Delayed Cord Clamping
When a baby is delivered, the umbilical cord will be clamped and cut, typically within seconds of birth. Delayed cord clamping refers to the practice of delaying clamping and cutting of the umbilical cord for about 1 to 3 minutes to allow more placental blood to flow through the cord to the baby.
Even without delayed cord clamping, as little as 1 out of 4 cord blood units were banked. The rest were discarded, mostly due to insufficient quantity of cord blood collected to meet requirements for public banking and transplantation.
Study have shown that with delayed cord clamping of more than 60 seconds, the number of bankable units has decreased by half.
Click here to learn more about Delayed Cord Clamping and its impact on the quality of cord blood units collected.
Short Collection Window
Currently, cord blood is collected either before the placenta is delivered (in-utero) or after the placenta is delivered (ex-utero). For in-utero collection, the obstetrician will puncture the umbilical cord and hold the needle in place for 2 – 3 minutes to allow blood to flow into the blood bag.
The obstetrician is often under time pressure to perform other obstetric processes which may lead to ending the collection before the optimal amount of cord blood is collected. As a result, the in-utero collection procedure does not maximize the volume of the blood collected.
The short collection window of the in-utero procedure may be a significant contributing factor to the prevalent issue occurring to many public cord blood banks: A large proportion of cord blood units collected have insufficient quantity of cord blood for banking and are disposed.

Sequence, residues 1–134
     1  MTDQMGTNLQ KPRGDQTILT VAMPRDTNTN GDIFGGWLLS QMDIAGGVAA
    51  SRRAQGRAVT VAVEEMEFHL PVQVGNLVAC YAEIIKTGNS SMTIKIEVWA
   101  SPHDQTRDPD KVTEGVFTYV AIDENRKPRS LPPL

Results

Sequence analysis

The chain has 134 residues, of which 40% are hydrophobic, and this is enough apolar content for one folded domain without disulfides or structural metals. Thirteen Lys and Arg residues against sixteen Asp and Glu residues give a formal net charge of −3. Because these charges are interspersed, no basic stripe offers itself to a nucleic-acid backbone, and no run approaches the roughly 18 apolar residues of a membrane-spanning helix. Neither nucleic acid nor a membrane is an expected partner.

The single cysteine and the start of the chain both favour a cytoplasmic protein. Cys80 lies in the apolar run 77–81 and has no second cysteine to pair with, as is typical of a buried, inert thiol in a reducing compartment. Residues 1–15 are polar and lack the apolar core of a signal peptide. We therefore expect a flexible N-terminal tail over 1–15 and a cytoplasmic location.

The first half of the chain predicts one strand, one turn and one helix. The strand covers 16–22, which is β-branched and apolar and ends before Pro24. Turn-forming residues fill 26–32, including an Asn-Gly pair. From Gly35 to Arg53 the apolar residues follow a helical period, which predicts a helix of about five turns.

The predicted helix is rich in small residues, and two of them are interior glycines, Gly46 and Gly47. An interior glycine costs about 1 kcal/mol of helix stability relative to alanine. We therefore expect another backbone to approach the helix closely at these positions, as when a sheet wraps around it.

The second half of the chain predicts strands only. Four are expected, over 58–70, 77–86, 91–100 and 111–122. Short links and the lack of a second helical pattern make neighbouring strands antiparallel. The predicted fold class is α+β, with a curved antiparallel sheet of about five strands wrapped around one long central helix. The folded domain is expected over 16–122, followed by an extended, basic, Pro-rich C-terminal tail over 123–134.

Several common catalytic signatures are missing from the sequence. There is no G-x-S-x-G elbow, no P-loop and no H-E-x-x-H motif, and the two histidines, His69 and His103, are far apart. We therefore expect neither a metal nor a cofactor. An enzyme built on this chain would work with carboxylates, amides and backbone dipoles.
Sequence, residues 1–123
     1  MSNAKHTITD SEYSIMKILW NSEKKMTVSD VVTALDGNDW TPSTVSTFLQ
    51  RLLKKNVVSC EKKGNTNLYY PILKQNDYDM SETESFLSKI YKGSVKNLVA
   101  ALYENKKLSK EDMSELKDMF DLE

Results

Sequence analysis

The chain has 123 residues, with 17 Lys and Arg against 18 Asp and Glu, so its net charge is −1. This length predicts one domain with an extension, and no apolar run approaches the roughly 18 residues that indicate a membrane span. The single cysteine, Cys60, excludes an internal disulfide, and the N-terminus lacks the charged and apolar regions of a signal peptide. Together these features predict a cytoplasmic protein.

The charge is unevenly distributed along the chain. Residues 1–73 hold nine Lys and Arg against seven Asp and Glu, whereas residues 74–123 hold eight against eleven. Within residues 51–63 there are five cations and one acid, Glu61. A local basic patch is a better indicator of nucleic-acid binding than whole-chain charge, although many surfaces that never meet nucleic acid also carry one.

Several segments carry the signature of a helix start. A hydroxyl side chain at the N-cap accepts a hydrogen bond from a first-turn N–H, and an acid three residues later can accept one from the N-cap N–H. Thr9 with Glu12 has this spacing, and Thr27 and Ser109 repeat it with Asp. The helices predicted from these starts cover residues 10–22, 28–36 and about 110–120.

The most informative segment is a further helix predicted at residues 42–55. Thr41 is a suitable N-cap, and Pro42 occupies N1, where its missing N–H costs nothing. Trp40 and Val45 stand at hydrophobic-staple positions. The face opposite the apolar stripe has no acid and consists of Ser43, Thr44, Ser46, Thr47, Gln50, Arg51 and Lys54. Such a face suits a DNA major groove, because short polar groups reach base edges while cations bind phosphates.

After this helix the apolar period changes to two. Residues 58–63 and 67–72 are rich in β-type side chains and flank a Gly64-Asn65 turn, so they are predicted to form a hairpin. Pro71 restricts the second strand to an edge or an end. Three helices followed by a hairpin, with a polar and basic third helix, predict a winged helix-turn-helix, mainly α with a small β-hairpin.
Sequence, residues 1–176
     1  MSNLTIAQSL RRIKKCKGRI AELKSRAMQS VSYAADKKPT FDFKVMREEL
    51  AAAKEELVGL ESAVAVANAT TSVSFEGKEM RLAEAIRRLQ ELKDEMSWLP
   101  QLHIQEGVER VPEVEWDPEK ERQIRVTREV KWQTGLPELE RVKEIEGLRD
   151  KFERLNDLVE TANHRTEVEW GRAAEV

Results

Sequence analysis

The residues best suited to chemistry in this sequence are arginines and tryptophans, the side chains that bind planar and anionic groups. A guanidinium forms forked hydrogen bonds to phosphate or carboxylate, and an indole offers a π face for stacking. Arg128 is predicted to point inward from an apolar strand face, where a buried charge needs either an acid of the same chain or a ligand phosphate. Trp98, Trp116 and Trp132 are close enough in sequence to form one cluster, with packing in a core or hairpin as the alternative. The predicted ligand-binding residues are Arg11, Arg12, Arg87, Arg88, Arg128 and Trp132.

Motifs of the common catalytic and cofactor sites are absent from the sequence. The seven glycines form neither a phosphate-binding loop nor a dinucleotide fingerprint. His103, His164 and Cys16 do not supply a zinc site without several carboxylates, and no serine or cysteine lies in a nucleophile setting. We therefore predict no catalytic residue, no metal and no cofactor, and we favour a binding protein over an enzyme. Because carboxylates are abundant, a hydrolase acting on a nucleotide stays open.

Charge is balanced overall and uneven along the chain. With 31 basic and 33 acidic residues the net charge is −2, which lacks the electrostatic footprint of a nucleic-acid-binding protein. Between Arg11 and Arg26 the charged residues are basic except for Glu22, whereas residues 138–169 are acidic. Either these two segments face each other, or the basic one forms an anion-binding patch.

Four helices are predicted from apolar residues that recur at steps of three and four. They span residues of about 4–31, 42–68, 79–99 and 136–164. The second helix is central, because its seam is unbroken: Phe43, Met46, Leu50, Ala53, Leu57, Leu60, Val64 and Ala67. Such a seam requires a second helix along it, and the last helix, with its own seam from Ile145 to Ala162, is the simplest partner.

Interruption to Obstetric Workflow
After the baby is born, obstetricians will attend to any immediate bleeding and see to the delivery of placenta. Active management of the third stage of labor may be performed with measures such as cord traction and uterotonic administration.
In-utero collection using conventional blood bags delays such obstetric practices for 2 – 3 minutes. This may lead to increased maternal bleeding and place the mother at higher risk of PPH.
Needle Stick Injuries
With conventional blood bags, the needle is exposed throughout the whole collection process. The obstetrician has to insert the needle into the umbilical vein and hold it in place. The obstetrician may milk the umbilical cord towards the needle to aid blood collection. The exposed needle puts the obstetrician at risk of needle stick injuries.
Difficulty Assessing Optimal Collection End Point
The duration of in-utero collection depends on the obstetrician’s judgement on the optimal collection end point. The obstetrician will end collection based on factors such as cessation of pulse, level of engorgement of vein and pre-fixed collection timings. As a result, the obstetrician may end collection before the maximum amount of cord blood could be collected.
Lauber, S., Latta, M., Klüter, H., & Müller-Steinhardt, M. (2010). The Mannheim Cord Blood Bank: Experiences and Perspectives for the Future. Transfusion Medicine and Hemotherapy, 37(2), 90–97. https://www.ncbi.nlm.nih.gov/pmc/articles/PMC2914417/
Allan, D. S. et al. (2016). Delayed clamping of the umbilical cord after delivery and implications for public cord blood banking. Transfusion, 56, 662–665. https://www.ncbi.nlm.nih.gov/pubmed/26585667
Royal College of Obstetricians and Gynaecologists (2006). Umbilical Cord Blood Banking Scientific Impact Paper No. 2. https://www.rcog.org.uk/globalassets/documents/guidelines/scientific-impact-papers/sip_2.pdf